What Causes Dark Triangles [Between the Teeth?]
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When brushing your teeth or looking in the mirror, you may notice the formation of one or more black triangles. This may lead you to wonder where they came from and how they can be treated. In this article, we’ll discuss the causes, preventative measures, and treatment of black triangles between your teeth.
- 1 How Can I Prevent The Triangles?
- 2 How Can I Treat Periodontal Disease?
- 3 How Do I Prevent Dental Trauma?
- 4 What Are the Recommended Treatments?
- 5 Want to Know the Best Part?
- 6 Teeth Are Naturally Triangled
- 7 Here’s the Kicker
What Are These Dark Triangles Between My Teeth?
The black triangles you see between your teeth are a space caused by recession of the gums. Your sides of your teeth are not shaped in a straight line, rather, they are naturally slightly curved. The gums naturally hide the angles. Once the gums recede, the curves and triangles become visible.
The recession of the gums occurs for a variety of reasons, some which are preventable. The triangle occurs when the gums between the teeth, also known as papilla, recede along with the top gum-line. These triangles start out small. If dental care is not a priority, you may not notice them for a significant amount of time.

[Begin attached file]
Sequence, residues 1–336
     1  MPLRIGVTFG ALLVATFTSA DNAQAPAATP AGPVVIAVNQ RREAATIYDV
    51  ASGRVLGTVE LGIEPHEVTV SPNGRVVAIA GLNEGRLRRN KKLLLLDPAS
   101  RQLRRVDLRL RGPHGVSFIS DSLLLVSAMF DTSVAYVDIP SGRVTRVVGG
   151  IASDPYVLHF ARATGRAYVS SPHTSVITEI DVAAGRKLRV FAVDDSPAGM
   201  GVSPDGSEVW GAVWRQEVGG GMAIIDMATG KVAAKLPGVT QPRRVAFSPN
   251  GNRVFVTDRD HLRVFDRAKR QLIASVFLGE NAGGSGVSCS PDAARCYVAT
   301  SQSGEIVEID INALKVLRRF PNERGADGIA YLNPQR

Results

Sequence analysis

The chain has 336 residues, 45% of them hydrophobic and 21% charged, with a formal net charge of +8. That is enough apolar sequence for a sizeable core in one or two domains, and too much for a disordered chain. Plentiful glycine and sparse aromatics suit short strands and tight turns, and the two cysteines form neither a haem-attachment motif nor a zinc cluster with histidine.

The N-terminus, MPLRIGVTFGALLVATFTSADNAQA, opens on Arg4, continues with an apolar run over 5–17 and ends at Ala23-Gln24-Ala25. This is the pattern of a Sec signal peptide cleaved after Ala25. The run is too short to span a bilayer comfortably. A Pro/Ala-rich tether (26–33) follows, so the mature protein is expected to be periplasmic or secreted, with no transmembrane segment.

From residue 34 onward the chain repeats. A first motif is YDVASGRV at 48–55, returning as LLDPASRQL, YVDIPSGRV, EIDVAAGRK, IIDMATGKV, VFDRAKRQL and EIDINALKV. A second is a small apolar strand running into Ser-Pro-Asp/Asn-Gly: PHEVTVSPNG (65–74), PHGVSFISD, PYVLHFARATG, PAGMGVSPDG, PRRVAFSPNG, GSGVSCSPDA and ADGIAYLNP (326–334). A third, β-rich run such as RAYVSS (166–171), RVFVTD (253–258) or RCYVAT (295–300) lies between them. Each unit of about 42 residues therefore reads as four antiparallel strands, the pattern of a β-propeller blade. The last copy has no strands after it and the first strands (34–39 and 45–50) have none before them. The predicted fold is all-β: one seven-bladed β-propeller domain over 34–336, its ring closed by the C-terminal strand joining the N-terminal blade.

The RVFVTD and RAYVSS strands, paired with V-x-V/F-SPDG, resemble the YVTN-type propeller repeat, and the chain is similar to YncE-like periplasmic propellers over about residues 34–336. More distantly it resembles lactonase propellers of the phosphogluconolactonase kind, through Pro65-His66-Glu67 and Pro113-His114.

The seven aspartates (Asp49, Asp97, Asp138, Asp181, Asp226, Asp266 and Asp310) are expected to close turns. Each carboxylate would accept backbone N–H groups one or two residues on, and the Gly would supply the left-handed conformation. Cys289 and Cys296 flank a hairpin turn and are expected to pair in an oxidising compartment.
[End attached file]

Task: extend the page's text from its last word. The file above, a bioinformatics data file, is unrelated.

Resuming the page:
How Can I Prevent The Triangles?
Since the triangles are caused by gum recession and loss, prevention of these unsightly triangles should be simple. All you have to do is avoid gum recession. The answer isn’t quite that simple, however. Gum recession is caused by the loss of the bone underneath the gums. If that bone de-mineralizes, there is nothing supporting the gums. They are then extremely vulnerable to recession.
So the real key is to prevent the jawbone from demineralizing. What causes the demineralization? This is caused by:
• Family history
• Periodontal disease
• Teeth grinding
• Blunt trauma
As you can see, not all of the causes of jawbone loss and gum recession are preventable. You are unable to control your family genetics, and blunt trauma can sometimes occur completely accidentally. With that being said, you can control periodontal disease as well as teeth grinding.
How Can I Treat Periodontal Disease?